INSIGHTS (on leadership/self-leadership)
Nobody ever said, “I wish we could have more meetings.” This just in, managers hold too many, especially new managers, who, research shows, hold 29% more meetings than their counterparts. That’s not a good thing, especially when other research shows 71% of meetings are unproductive and inefficient. I know you know this, but it begs an important question, “How far to scale back on meetings?”
An interesting study by a consortium of business schools provides an eye-opening answer. The study, centered on 76 companies that deliberately reduced or eliminated meetings, showed an increase in job satisfaction, communication, cooperation, and productivity, and a decrease in micromanaging and stress. In fact, in many cases, some of the benefits reached their maximum value when the company held zero meetings! Realistically, though, few of us will pivot to never sitting through a meeting again.
The study showed the sweet spot was eliminating 4 out of every 5 meetings (80%), which yielded maximum levels of improvement on the key metrics of productivity (+74%), cooperation (+58%), engagement (+44%), and feelings of being micromanaged (-74%).
By the way, while stress levels and feelings of autonomy were even greater when 100% of meetings were eliminated, 80% reduction still yielded whopping improvement in both cases (stress -63%), (autonomy +86%).
Drink all this in for a moment. Can you envision a path to cutting 4 out of every 5 meetings? The researchers also offered strategies for meeting reduction to help:
* Replace daily check-in meetings with a check-in message (i.e. send out a message on Slack or a Teams channel asking, “What’s on your plate?”, asking for an answer within an hour).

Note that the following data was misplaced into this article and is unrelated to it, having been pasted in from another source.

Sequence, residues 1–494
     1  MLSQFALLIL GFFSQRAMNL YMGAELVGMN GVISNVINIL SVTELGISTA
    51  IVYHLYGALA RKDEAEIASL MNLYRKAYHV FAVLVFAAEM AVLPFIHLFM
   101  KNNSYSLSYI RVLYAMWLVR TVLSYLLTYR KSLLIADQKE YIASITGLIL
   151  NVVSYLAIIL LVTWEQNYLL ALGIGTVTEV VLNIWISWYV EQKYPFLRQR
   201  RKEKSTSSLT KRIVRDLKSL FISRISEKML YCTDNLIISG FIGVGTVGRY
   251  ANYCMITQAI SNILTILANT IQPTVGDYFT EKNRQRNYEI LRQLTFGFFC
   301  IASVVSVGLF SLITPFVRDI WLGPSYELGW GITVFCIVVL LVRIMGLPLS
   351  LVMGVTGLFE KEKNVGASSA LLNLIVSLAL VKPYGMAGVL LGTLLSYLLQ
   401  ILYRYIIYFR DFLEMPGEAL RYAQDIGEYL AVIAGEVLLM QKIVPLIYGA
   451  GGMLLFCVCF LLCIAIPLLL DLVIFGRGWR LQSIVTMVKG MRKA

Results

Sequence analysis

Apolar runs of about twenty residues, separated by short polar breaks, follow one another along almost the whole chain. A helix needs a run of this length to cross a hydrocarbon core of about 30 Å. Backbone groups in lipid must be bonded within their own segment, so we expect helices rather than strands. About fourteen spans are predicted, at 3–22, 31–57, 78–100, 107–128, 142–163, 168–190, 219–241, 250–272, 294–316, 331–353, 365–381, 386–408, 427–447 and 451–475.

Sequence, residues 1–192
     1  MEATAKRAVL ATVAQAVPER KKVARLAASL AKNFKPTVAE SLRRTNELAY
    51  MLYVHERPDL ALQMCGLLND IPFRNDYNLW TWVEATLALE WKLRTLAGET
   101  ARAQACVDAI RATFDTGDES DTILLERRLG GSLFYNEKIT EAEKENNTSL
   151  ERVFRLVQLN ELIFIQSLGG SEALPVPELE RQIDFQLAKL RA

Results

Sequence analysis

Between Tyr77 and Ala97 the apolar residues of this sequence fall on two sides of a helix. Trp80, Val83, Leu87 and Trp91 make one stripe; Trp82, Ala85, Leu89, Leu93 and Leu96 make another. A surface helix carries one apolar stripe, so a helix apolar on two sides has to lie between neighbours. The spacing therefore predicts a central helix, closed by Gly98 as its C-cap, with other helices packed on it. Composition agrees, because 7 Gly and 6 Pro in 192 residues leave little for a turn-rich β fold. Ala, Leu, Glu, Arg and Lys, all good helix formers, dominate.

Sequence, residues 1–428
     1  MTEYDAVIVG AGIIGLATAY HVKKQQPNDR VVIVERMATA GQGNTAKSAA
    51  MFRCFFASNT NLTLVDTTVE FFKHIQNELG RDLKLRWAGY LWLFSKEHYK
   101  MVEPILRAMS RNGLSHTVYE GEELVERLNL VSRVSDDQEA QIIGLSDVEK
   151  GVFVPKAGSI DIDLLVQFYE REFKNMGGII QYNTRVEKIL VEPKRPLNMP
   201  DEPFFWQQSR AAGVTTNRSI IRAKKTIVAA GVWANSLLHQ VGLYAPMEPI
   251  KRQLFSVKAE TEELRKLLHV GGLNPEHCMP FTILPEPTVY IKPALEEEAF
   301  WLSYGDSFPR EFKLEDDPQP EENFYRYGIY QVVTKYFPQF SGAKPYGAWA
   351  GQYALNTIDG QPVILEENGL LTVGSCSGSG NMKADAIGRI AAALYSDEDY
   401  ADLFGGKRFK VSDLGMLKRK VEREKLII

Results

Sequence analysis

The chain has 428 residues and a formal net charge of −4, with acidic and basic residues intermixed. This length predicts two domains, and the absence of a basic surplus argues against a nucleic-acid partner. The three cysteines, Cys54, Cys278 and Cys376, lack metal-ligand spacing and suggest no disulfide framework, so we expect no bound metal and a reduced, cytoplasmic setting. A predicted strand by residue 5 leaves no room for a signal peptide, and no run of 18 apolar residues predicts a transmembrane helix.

* Meet for only three reasons: to review past work and learn from it, to clarify and support something (such as a policy or goal), or to distribute work within a team. I’d also add to make a decision that must be collectively decided.
* Encourage your team to flag or cancel meetings if they aren’t the best use of their time. Make it clear that, as their manager, you encourage it and won’t judge or punish them.
Bottom line – you now have a target – scale back meetings by 80%. Even if you can’t get all the way there, I’m 100% sure you’ll see substantial benefit.
IMPERFECTIONS (a mistake many make)
It’s one of the great challenges of the working world – working in a world where you don’t like all your co-workers. It leads to mistakes all too easy to make that send the relationship spiraling downward. That’s why I like the help that author Michael Bungay Stanier offers on being able to work with just about anyone. He advises building your BPR (best possible relationship) by discussing 5 questions with your cantankerous counterpart:
1. The Amplify Question – “What are your best qualities?” Being clear on your own creates awareness of what to amplify about yourself. Knowing theirs increases your awareness of what to appreciate in them.
2. The Steady Question – “What are your practices and preferences?” (how do you like to work, what are your habits). It’s all too easy to dive right in to how you like to work.
3. The Good Date Question – “What have you learned from successful past relationships?” And how might we apply it to this relationship?
4. The Bad Date Question – “What have you learned from frustrating past relationships?” And how might we avoid that in this relationship?
5. The Repair question – “How will we fix it when things go wrong?” This last question is especially smart, as it signals an intention to overcome the inevitable bumps in the road, rather than letting things spiral downward in the relationship.
Five questions can be the answer for any relationship you want to optimize. If you’d like, check out Stanier’s new book, How to Work with (Almost) Anyone.
IMPLEMENTATION (one research-backed strategy, tip, or tool)
A strategy for greater happiness can be gleaned from, of all things, the hummingbird. Imagine if you thought of the collection of experiences you have at your disposal in life, as a vast field of flowers. The goal is to buzz from flower to flower, experience to experience, taking what’s sweet about each experience, savoring it, then vigorously buzzing over to the next “flower.”
Yes, I’m saying that greater happiness comes from being a nectar collector. Put energy into being one.
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